Webbing of the fingers or toes
Webbing of the fingers and toes is called syndactyly. It refers to the connection of two or more fingers or toes. Most of the time, the areas are connected only by skin. In rare cases, the bones may fused together.
Syndactyly is often found during a child’s health exam. In its most common form, webbing occurs between the second and third toes. This form is often inherited and is not unusual. Syndactyly can also occur along with other birth defects involving the skull, face, and bones.
The web connections most often go up to the first joint of the finger or toe. However, they can run the length of the digit.
"Polysyndactyly" describes both webbing and the presence of an extra number of fingers or toes.
More common causes include:
- Down syndrome
- Hereditary syndactyly
Very rare causes include:
- Apert syndrome
- Carpenter syndrome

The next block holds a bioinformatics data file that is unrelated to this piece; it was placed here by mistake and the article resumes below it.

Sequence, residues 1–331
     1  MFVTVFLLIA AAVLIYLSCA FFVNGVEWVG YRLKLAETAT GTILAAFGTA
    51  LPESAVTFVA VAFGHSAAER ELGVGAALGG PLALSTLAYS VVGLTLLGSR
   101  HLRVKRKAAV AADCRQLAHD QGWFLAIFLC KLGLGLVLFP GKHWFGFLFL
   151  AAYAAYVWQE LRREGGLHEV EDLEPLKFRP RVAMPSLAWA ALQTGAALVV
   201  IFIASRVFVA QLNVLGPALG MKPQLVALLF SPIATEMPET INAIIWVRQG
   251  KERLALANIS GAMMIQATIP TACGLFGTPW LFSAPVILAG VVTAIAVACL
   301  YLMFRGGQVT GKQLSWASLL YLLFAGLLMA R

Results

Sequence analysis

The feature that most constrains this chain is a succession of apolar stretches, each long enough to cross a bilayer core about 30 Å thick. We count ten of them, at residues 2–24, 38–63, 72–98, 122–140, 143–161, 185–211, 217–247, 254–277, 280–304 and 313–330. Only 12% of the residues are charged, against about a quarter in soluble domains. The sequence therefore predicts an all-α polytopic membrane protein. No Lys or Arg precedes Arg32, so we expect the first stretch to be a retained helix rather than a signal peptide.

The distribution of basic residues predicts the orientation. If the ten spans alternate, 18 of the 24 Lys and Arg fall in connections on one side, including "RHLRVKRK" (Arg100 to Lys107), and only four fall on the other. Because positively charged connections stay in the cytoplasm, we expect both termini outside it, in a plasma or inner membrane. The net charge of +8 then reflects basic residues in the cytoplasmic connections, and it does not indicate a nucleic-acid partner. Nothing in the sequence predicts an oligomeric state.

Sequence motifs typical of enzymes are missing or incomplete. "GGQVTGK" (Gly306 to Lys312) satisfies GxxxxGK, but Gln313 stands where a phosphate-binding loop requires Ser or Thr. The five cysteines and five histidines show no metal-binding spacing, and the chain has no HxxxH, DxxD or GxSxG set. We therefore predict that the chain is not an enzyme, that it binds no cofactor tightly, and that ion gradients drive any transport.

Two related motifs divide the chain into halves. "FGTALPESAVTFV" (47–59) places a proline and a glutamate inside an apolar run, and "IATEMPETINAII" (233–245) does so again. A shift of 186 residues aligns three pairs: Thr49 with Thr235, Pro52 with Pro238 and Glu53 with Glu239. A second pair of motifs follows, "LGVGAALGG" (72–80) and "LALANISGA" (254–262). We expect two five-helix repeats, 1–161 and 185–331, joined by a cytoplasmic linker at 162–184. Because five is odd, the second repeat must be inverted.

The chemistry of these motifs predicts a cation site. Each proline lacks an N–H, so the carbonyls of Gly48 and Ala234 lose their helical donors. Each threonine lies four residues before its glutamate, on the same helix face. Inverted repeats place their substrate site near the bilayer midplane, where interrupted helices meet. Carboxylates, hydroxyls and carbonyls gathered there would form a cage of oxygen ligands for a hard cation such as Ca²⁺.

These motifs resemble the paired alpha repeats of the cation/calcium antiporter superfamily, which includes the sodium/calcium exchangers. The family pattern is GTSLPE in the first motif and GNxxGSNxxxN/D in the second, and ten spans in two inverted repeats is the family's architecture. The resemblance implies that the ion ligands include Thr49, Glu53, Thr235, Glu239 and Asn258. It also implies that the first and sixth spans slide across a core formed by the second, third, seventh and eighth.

- Cornelia de Lange syndrome
- Pfeiffer syndrome
- Smith-Lemli-Opitz syndrome
- Use of the medication hydantoin during pregnancy (fetal hydantoin effect)
When to Contact a Medical Professional
This condition is normally discovered at birth while the baby is in the hospital.
What to Expect at Your Office Visit
The health care provider will perform a physical exam and ask questions about the child's medical history. Questions may include:
- Which fingers (toes) are involved?
- Have any other family members had this problem?
- What other symptoms or abnormalities are also present?
An infant with webbing may have other symptoms that together may be signs of one syndrome or condition. That condition is diagnosed based on a family history, medical history, and physical exam.
The following tests may be done:
- Chromosome studies
- Lab tests to check for certain proteins (enzymes) and metabolic problems
Surgery may be done to separate the fingers or toes.
Carrigan RB. The upper limb. In: Kliegman RM, Behrman RE, Jenson HB, Stanton BF, eds. Nelson Textbook of Pediatrics. 19th ed. Philadelphia, Pa: Saunders Elsevier; 2011:chap 673.
Last reviewed 12/4/2013 by Neil K. Kaneshiro, MD, MHA, Clinical Assistant Professor of Pediatrics, University of Washington School of Medicine. Also reviewed by David Zieve, MD, MHA, Bethanne Black, and the A.D.A.M. Editorial team.
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